On a baking sheet, toss together bread, olive oil, and parsley. Sprinkle salt over, and toss again. Toast in the 375º F oven along with beets until golden-brown, 10-15 minutes. Set aside to cool while you make the dressing. The croutons can be made several days in advance, and store well in an airtight bag at room temperature.

Make the Vinaigrette:
Whisk together champagne vinegar, olive oil, mustard, salt, and pepper. Refrigerate until ready to use.

To Assemble:
Arrange greens on a largish, shallow platter. Crumble dabs of Chévre over, and top with beet cutouts and croutons. Drizzle with a bit of vinaigrette, serving the rest on the side.

2 8” logs
Serve dabs of this handmade semi-soft cheese in Heartbeet Salad, or on crackers, fresh vegetables, or sandwiches. Its creamy tang is also excellent in recipes where cream cheese is called for.

2 tablespoons agar flakes
½ cup water
1 ½ cups raw cashews
3 cups boiling water
½ cup water
2 tablespoons fresh lemon juice
1 tablespoon tahini, preferably raw
1 tablespoon apple cider vinegar
1 ¼ teaspoons sea salt

In a small saucepan off the heat, combine agar and ½ cup water. Set aside to dissolve while the cashews soak. The agar flakes will enlarge slightly and take on a pale cast.

Pour boiling water over cashews, and soak for at least an hour, or up to overnight.

Line a shallow container (a 9”x 9” or 9”x 13” casserole dish is ideal) with plastic wrap, allowing it to hang over the sides slightly. Set aside.

When you’re ready to proceed, place the agar mixture over low heat, stirring occasionally as you put together the cashew mixture.

Drain cashews, rinse, and drain again. In a blender, combine cashews, ½ cup water, lemon juice, tahini, vinegar, and salt. Blend until completely smooth, scraping down the sides as necessary. This process should take about 5 minutes while the agar mixture bubbles away.

Once the cashew mixture is smooth, scrape the agar mixture into the blender with the machine running. Continue blending until completely smooth.

Scrape into the plastic-lined container, smoothing the top. Cover loosely and refrigerate until firm, about 1 hour.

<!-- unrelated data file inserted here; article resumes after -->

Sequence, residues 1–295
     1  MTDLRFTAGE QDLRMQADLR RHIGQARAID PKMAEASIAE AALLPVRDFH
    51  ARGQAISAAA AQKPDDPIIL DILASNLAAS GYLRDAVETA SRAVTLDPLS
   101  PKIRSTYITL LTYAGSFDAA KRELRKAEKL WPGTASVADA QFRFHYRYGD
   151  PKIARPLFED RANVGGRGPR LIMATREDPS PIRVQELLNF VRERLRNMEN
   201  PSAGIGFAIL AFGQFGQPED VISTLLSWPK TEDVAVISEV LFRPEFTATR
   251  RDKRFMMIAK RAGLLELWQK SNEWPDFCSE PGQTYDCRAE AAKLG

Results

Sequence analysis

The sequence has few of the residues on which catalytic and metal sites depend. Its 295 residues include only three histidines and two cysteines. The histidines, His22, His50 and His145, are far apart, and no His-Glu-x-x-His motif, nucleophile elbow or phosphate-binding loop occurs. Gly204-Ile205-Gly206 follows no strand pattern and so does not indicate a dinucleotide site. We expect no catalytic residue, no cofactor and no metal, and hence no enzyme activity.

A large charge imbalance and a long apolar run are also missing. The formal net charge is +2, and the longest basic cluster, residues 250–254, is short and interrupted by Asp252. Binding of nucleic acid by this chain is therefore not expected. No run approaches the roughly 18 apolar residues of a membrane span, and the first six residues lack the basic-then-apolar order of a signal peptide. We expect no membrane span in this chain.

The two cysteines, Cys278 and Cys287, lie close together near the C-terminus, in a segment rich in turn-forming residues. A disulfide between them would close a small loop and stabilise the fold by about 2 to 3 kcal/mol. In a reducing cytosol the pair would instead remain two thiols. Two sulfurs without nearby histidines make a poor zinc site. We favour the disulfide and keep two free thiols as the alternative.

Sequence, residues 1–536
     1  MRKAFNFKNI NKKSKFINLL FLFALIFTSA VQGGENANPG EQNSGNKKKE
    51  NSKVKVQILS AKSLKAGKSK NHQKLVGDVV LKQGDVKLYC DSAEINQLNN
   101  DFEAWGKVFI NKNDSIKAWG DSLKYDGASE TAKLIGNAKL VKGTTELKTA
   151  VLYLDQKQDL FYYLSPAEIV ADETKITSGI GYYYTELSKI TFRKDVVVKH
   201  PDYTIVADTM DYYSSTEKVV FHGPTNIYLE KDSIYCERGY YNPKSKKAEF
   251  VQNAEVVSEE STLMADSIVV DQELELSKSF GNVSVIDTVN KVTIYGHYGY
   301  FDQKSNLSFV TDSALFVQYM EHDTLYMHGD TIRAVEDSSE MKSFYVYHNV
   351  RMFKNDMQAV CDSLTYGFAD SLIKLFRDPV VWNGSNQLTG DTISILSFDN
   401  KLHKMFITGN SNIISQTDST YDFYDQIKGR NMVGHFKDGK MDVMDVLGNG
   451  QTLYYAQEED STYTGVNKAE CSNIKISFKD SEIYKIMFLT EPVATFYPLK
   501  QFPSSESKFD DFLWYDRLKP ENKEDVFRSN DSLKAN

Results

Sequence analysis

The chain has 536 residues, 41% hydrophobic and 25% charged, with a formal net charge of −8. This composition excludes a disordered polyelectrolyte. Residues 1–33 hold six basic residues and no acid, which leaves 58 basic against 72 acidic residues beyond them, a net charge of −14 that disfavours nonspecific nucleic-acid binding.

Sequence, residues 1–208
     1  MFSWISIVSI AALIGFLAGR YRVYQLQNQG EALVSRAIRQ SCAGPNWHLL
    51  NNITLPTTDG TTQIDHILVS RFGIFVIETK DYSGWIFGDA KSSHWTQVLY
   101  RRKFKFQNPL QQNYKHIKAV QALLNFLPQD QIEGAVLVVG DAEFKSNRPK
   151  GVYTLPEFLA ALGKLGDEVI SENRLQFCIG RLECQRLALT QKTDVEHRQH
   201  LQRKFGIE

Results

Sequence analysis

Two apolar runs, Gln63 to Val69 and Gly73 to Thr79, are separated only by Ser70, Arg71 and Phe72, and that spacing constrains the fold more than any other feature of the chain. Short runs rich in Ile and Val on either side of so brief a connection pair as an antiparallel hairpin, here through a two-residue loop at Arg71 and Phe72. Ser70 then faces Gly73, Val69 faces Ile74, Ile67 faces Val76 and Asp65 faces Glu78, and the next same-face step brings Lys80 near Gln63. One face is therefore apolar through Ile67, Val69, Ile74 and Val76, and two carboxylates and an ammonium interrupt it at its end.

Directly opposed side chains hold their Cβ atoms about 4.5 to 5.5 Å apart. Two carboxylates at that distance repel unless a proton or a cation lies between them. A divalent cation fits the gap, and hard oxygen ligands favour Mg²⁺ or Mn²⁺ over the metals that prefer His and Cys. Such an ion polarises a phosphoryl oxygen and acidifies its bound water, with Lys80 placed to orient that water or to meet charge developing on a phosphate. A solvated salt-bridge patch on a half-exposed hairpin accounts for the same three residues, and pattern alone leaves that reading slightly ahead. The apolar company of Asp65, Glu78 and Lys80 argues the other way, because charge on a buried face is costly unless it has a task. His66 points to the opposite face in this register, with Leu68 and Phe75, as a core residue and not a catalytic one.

Once fairly solid, divide the Chévre in half. Using the plastic, shape each section into a cylinder about 2” in diameter and 8” long. Wrap tightly in plastic, and chill until ready to use.

The Chévre can be stored in the refrigerator for up to a week.

Hazelnut Cherry Brownies with Port Glaze

16 small brownies
If you plan to serve the brownies the following day, use ½ cup dried cherries instead of fresh or frozen, which will cause the bars to liquefy into a gooey confection on sitting.
This recipe makes twice as much Port Glaze as needed for the brownies. Use the reminder as a chocolate sauce for sundaes or fresh fruit; heat it briefly until it reaches a pourable consistency. Whisked into hot non-dairy milk, it also makes a divine hot chocolate.

2/3 cup vegetable oil
1 ½ cups evaporated cane juice or sugar
¾ cup non-dairy milk
2 teaspoons vinegar
1 teaspoon vanilla extract
¾ cup unsweetened cocoa
1 ¼ cups all-purpose flour
1 ½ teaspoons baking powder
¾ cup pitted and halved fresh cherries (frozen and thawed is a fine substitution)
½ cup whole hazelnuts

Heat oven 350º F. Oil and flour a 9”x9” square baking pan. In a large bowl, combine sugar, non-dairy milk, vinegar, and vanilla. Whisk in cocoa, flour, and baking powder until batter is smooth and even. Fold in cherries and hazelnuts. Pour batter into prepared pan, smoothing the top.

Bake 35-40 minutes, or until brownies just begin to slink away from the sides of the pan, and the center is no longer sticky. Allow to cool completely in the pan while you make the glaze.